— Jon Weisman (@jonweisman) May 29, 2013
In the sixth, A.J. Ellis followed a Matt Kemp double with an RBI single to give the Dodgers their three-run lead.
After that, it was the Ryu show. His previous career high in innings was 7 1/3 in his last start (May 22 at Milwaukee) and in pitches was 114 on May 11 against Miami. He came out for the ninth, and began it by striking out pinch-hitter Brendan Harris, then retired Erick Aybar on a grounder to third. Superstar Mike Trout, trying to keep the game alive, grounded to Mark Ellis at second base, and with 113 pitches, Ryu had his first career complete game and shutout in the States.
Chad Billingsley is cruising, and Luis Cruz is, well, chadding.
The Dodger starting pitcher and infielder each continued their hot ways, pushing the Dodgers to a 5-0 victory at Atlanta today, completing a 7-3 East Coast roadtrip.
Allowing three hits over seven innings underneath the summer Georgia sun, Billingsley improved to 6-0 with a 1.30 ERA since coming off the disabled list. Billingsley gave up only three hits and walked two while striking out four, throwing 101 pitches.
Billingsley’s only trouble inning was the fourth, when the Braves fouled off 13 of his pitches before Jason Heyward hit a two-out triple. Freddie Freeman then walked on five pitches, but Billingsley got Dan Uggla to pop out on the 30th pitch of the inning.
Impressively, Billingsley also blew Heyward away on a swinging strike three measured at 93 miles per hour with Michael Bourn on third base with two out in the sixth.
According to the Dodger press notes, Billingsley is the first Dodger to win six consecutive starts since Kevin Brown won seven in a row from May 14-June 17, 2003.
Meanwhile, Cruz homered for the second consecutive game while going 2 for 4, giving him a .484 on-base percentage and .852 slugging percentage in 31 plate appearances on this roadtrip. He also pushed his 2012 major-league OPS over .800 for the first time since his first week in a Dodger uniform.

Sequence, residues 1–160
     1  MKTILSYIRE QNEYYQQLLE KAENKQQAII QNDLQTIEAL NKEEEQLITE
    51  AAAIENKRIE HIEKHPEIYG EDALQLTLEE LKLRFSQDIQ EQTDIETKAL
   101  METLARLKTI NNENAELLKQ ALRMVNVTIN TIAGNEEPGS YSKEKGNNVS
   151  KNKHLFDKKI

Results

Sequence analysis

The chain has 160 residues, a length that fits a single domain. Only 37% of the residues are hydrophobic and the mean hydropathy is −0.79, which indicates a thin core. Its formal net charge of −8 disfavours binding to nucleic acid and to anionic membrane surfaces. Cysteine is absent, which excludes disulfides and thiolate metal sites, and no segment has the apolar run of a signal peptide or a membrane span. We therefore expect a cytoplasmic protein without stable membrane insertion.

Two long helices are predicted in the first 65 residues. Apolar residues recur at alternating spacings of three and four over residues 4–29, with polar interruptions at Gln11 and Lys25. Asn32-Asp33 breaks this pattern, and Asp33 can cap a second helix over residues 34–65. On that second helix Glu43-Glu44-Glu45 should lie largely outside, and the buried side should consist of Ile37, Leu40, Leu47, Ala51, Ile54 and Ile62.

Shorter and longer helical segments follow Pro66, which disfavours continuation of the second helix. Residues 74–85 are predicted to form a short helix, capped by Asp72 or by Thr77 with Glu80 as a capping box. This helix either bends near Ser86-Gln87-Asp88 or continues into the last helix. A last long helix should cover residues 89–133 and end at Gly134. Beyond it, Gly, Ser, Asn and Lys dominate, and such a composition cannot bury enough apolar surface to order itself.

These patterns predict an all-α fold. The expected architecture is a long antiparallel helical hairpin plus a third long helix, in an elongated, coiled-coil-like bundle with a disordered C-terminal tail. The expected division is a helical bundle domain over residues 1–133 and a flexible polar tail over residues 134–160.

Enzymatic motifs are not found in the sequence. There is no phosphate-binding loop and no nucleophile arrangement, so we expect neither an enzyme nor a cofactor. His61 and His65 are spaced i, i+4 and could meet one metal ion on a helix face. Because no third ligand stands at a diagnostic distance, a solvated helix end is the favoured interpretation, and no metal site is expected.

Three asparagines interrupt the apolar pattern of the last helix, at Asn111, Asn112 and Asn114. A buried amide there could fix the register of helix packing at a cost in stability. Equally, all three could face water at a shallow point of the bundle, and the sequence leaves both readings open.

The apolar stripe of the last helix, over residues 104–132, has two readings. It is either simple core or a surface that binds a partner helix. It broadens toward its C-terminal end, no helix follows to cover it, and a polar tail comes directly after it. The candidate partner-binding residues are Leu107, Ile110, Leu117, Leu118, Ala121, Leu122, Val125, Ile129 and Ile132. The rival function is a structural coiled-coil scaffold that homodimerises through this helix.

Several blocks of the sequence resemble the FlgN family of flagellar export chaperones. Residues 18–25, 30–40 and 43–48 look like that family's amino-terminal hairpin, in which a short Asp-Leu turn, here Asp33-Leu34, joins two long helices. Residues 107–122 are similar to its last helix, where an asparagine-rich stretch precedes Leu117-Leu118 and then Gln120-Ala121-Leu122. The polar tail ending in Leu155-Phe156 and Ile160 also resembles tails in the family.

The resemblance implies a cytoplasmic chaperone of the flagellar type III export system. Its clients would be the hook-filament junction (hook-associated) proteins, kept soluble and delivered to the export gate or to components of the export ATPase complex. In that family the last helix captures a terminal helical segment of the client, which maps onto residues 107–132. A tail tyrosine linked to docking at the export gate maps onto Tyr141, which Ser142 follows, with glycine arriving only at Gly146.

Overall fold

It appeared that the Dodgers might have to rely on Cruz’s fifth-inning home run for their entire offense, but Los Angeles tacked on a run in the eighth and three more in the ninth, all of the scoring flowing directly from Heyward losing fly balls in the sun in each inning. Mark Ellis, who earlier in the game stranded five runners on base in two at-bats, took advantage to collect all four RBI, the last three on a bases-clearing double.
Ronald Belisario pitched a perfect eighth while the score was still 2-0, and Scott Elbert returned from the disabled list to finish things off with a spotless ninth.
Heart-of-the-orderers Matt Kemp, Hanley Ramirez and Andre Ethier combined went 0 for 13 with a walk. Kemp is hitless in his past 15 at-bats (with two walks).
Chad Billingsley is pitching so well, the Internet took a moment of silence.
With eight shutout innings tonight, pacing the Dodgers’ 11-0 victory over Pittsburgh, Billingsley lowered his season ERA to 3.62 and his ERA in five starts since coming off the disabled list to 1.56. In his longest outing since his first start of 2012, Billingsley threw 107 pitches, 75 for strikes, and allowed five hits and walked one while striking out five. In those five post-DL starts, he has walked six and struck out 23. For the season, Billingsley’s career-best K/BB ratio improved to 3.1.
With two out in the bottom of the third inning and the Dodgers leading by one run, Pittsburgh rightfielder Travis Snider hit a double that sent pitcher Kevin Correia to third base. The Pirates’ MVP candidate, Andrew McCutchen, came to the plate.